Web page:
There’s always a push-back against any form of social progression.
The current brouhaha over gay marriage is much the same issue, traditionalists using whatever means and tools that come to hand to defend what they see as a traditional or biblical definition of marriage versus those who see it as a demonstration of love or a contract between parties.
It’s a political eventuality that gay marriage will be approved at a Federal level sometime within the next decade (though, honestly, far too long to wait in my opinion), but viewed through the lens that Tasmania only repealed its sodomy laws in 1997, it seems we’re making progress at a cracking pace.
I make a living building software. I make money writing little parcels of code that turn data into something else. We live in an incredible world where the titans of industry apart from fossil fuels are technology companies. Companies that stand firmly on the shoulders of giants when it comes to making things that make our lives, and the world, hopefully a better place.
When you think of the people who made the world like this, you’d likely nominate Steve Jobs or Bill Gates and you’d be right, but they all stood on the shoulders of a great giant who only recently started getting the degree of attention and airplay he deserved outside of computer science circles.
You’d think a genius who invented the basics of modern computer science, built a machine that helped crack Nazi codes and win WWII among many staggering achievements would be paraded from the rooftops as a paragon of intellect, a historical exemplar for us all to follow. Turing’s promising career was cut short by one simple fact; he was gay at a time that it was a crime in the UK.
I don’t mean to overstate Turing’s contributions to a sector that generates millions of jobs and trillions in revenue worldwide but he was the first person to formalise the concept of computation and his thought experiment a Turing machine is the fundamental concept of a modern computer.
A Turing machine is also deceptively simple, it’s a machine that takes in data and modifies it based on a set of internal rules. Now to you or I this seems incredibly obvious and easy, but this concept predated the microprocessor, hell it predated the transistor.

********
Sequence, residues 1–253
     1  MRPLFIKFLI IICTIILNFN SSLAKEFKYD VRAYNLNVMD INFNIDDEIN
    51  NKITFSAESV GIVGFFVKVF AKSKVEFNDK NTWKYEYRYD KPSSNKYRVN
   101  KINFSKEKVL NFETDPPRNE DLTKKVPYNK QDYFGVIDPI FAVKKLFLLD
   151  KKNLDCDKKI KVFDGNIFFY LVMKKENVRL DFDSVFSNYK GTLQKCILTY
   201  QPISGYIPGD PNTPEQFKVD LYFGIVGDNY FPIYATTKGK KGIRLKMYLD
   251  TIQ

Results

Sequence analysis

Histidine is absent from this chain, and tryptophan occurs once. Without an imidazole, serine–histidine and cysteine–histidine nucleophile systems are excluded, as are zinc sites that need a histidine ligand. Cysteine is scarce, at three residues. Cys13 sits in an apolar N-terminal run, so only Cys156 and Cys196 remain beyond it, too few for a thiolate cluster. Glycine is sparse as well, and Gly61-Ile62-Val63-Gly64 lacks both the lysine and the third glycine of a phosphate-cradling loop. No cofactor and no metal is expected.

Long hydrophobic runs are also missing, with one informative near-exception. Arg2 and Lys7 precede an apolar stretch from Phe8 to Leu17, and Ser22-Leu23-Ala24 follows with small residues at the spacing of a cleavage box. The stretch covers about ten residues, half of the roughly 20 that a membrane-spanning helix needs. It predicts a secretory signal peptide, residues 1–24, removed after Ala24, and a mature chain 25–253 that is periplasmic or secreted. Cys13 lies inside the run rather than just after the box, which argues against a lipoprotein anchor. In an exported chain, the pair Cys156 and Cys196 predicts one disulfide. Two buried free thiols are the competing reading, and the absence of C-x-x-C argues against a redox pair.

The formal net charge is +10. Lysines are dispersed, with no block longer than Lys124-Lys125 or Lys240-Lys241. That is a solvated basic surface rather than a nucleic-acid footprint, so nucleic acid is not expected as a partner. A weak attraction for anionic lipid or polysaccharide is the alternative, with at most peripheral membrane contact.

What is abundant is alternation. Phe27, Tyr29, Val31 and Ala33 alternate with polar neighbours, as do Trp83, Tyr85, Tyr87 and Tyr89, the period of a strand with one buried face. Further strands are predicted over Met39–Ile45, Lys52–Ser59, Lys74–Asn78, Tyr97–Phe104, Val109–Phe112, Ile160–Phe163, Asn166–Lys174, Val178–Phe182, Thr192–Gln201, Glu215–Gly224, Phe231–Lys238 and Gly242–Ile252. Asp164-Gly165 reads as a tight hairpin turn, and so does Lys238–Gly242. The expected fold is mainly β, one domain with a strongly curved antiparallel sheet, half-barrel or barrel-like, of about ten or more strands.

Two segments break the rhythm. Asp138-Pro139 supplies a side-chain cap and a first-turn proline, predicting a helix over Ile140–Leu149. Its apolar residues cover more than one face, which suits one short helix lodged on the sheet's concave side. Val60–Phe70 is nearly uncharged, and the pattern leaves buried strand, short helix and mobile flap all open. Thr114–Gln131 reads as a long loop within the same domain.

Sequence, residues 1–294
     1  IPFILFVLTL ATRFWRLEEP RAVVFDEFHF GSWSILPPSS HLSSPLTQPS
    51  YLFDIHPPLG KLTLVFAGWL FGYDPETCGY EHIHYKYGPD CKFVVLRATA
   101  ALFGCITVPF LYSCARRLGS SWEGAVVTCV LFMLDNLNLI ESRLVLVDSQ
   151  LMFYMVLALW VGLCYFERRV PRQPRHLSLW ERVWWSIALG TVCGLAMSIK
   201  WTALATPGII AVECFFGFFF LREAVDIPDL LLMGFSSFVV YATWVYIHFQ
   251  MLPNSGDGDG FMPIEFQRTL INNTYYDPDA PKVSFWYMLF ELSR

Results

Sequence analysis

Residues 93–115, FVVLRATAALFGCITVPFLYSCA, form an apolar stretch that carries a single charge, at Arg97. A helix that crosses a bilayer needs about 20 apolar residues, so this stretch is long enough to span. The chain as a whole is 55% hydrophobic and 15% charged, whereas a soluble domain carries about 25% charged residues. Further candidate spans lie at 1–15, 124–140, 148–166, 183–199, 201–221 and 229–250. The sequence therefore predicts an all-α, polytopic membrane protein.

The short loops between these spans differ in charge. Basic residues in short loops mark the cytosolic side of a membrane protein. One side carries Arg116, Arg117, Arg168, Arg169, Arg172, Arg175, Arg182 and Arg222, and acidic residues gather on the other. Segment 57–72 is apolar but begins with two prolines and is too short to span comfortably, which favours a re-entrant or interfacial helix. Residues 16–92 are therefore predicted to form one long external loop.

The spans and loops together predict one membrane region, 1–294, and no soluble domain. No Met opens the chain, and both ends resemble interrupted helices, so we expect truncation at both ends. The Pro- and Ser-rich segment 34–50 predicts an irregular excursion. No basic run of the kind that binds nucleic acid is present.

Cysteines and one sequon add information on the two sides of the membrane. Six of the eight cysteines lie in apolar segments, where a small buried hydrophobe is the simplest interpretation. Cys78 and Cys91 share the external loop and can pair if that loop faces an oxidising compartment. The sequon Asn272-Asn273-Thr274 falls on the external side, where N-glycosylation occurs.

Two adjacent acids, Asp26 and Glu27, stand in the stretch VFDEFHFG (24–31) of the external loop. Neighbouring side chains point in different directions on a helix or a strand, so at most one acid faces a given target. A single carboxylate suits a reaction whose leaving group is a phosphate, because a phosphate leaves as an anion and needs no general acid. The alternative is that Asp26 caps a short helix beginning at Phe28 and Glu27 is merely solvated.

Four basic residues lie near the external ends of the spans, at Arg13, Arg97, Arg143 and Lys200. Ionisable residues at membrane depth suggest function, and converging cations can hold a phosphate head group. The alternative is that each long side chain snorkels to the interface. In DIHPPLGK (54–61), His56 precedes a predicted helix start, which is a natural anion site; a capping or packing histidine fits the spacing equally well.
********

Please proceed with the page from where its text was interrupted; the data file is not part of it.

The history of the scientific process is littered with tiny ideas that germinate a boom in thought and creativity, the Turing machine is one such example, but the impact of it on society is, I dare say, greater than Darwin’s proven thesis of evolution. He was also the father of the litmus test for artificial intelligence, the ‘Turing test’. A person engages in a natural language discussion with what is either another participant or a computer, if they cannot tell the person from the computer, the computer has passed the Turing test.
Not only did he kick-start the computational revolution, Turing saved the lives of millions through his work on breaking Nazi cryptography. Whilst working at Bletchley Park during WWII, Turing worked on combating German ciphers, and was instrumental in devising a way to determine what settings were used to encrypt transmitted German cipher text.
The ability to crack this text allowed the Allied forces to interdict attempted German military advances and allowed the Allied forces to guarantee there were no security leaks about the invasion of Normandy on D-Day. Turing’s cryptanalysis was a turning point in the war, his research helped save millions from the Nazi war machine.
There is no denying that Turing was a genius whose work has touched almost every single human being on the planet but his end was a depressing one and one that should be consistently brought up as we debate about why certain sections of the population should have their rights reduced or denied based on their personal lives.
Turing was chemically castrated (as an alternative to serving time in prison) when convicted of ‘gross indecency’ in 1952 for having a homosexual relationship. He was stripped of his security clearance and was no longer permitted to work on cryptography for GCHQ. He committed suicide, alone in his apartment in 1954.
Every time you turn on a computer or read Facebook or tweet or, hell, Google something, you should just be aware of the hero that helped to make that happen and the fate he was consigned to because of the society he lived in.
What happened to Turing happened in the lifetime of many people who are alive today. We’ve come a long way and yes we do no longer imprison people or chemically castrate them for being gay in the developed world, but we still have some broad steps to take until we achieve true equality.